Are you worried about your child’s reaction to your stress?
While it’s true that not every child is sensitive to their parents’ stressful emotions, most are.
But in the heat of a stressful moment, when you feel overwhelmed and frazzled, it can be a challenge to keep your child’s reactions in the forefront of your mind. Becoming more aware of the signs of your and your child’s stress, can help minimize its impact.
Some Common Signs of Stressed-Out Moms and Dads
Facial expressions and tone of voice, such as an angry frown and knit brows, rolling of the eyes, flared nostrils, or a tense tone of voice, are signs of stress your child might find anxiety-producing.
Actions too, can send stress-signals. Every day activities performed in panic-mode, like the ones I list below, may appear frantic or erratic. Many children are sensitive to these unspoken signs of a parent’s stress:
How you answer the phone or door (or don’t answer!)
How quickly or slowly you walk or move around
The way in which you drive (pedal-to-the-metal, swerving lanes, etc.)
How you eat (rushing, gulping)
Your personal grooming or hygiene (not as “together” as usual)
A stressed mom might skip meals, wear outfits she normally wouldn’t—like mismatched, stained or dirty ones, or pretend she’s not home when the phone rings.
3 Common Signs Your Child Is Sensitive To Your Stress Signals
How do you know if your child is picking up on your stress? These three common signs are easy to discern.
- Your child appears serious, deep in thought, and/or they try to gauge your mood
- They act out, trying to turn the attention back onto them
- They ask probing questions trying to figure out if something “bad” is happening (Is grandma okay? Are you and Dad fighting?)
Helping Your Child And Yourself Deal With Your Stress
If you believe your child is picking up on your stress signals, there are steps you can take to minimize the impact.
Explain Why You Are Stressed
Verbalize to your child why you are sending out stress signals. Taking responsibility for your actions and feelings can bring relief to a worried child. For example, you might say something like: Mommy feels stressed because she is super-busy at work and forgot to eat healthy today.
Reassure Your Child That The Stress Is Not Their Fault
Reassure your child that you are not stressed or unhappy because of them.* Whether or not issues with your child are causing your stress, you don’t have to explain the source of stress if you feel it’s inappropriate or could cause your child to worry. Just say it has nothing to do with them. In some situations you might feel it is a good idea to tell your child the source of your stress. Whatever you choose, be as truthful as possible.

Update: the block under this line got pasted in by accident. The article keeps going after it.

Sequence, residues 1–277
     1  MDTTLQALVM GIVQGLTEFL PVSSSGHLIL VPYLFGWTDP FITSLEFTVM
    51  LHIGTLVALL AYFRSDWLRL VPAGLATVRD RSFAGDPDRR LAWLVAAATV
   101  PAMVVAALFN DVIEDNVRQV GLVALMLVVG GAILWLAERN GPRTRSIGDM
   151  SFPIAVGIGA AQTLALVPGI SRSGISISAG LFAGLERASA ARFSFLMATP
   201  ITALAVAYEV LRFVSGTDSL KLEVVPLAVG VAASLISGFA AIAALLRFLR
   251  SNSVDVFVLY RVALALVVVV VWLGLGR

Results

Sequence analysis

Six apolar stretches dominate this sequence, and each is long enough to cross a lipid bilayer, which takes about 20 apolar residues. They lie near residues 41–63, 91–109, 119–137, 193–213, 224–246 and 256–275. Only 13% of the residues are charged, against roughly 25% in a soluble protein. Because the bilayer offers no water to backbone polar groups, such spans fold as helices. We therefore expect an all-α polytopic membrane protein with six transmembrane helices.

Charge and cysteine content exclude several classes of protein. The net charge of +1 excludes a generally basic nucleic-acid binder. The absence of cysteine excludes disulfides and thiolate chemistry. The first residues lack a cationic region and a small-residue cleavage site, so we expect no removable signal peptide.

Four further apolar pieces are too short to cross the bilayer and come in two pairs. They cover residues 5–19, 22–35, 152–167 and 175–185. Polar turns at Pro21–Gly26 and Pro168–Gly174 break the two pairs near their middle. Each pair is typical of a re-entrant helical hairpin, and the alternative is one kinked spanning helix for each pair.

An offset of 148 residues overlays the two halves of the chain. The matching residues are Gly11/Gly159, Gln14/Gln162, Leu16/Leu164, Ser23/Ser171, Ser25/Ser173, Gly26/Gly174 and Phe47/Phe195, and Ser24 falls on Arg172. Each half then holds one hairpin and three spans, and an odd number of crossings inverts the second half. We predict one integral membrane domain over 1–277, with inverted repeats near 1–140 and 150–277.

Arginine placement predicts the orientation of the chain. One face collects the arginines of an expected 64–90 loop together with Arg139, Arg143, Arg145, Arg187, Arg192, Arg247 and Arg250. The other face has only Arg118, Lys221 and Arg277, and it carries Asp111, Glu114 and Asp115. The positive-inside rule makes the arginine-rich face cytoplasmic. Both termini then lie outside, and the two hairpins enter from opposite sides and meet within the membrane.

For example, if you’re stressed because of your child’s learning issues but you also didn’t sleep well last night, it’s okay to only reveal that you are stressed because of lack of sleep. Just don’t mention that he is also causing your stress. If your stress has nothing to do with your child, reassure him by telling him the source of the stress in a way that is appropriate for his age.
Talk When You Are Both Calm
Talk to your child when you are both in a “good place” emotionally, when both of you are regulated. Remember: When you are having a stressed-out response to a situation, your main goal should be returning to your calm center.
In chapter six of my new book, The Parent-Child Dance, you’ll find insights into stress, self-acceptance and how to take care of your needs.
For help finding your way, you can begin by developing your own self-care list to use either in stressful moments or to preempt them! You may want to see some of my suggestions for self-care.
You may also take some deep breaths, which can help you regulate. In this video I discuss the importance of core-breathing.
Be The Adult
Verbally affirm to your child that you are the adult and that you will work out whatever problem you are dealing with. Say clearly: I am the mom and the grownup, and I will always take care of you. You do not need to take care of me!
Don’t Be Too Hard On Yourself
Remind yourself that everyone is bound to get stressed sometime or other. Stress can be a momentary episode or it can linger longer, if you are going through a hard time such as a job loss, difficult family situation, or illness. Being aware of the effect that stress is having on your emotional and physical health as well as the health of your child is a great first step to lessening the stress.
Also, it is important to accept that you will have stressful moments in life, moments where you feel and act stressed-out. Understand that these moments are temporary and that they don’t define you as a person. Beating yourself up with guilt isn’t healthy.
*There are exceptions and during these times it may be important for your child to see that you “mean business”. This is important particularly when safety is an issue. I recently spoke to a parent whose young child has been engaged in behaviors that are dangerous to herself or others. She tried to push her younger sibling out in the street, she threw a dinner knife at someone, and also tried to harm herself
In cases like this it is actually helpful to show that you are stressed, even if you aren’t all that stressed, using a “take-charge”, even angry voice. In dangerous situations, this voice will help you intervene quickly and effectively to prevent injury.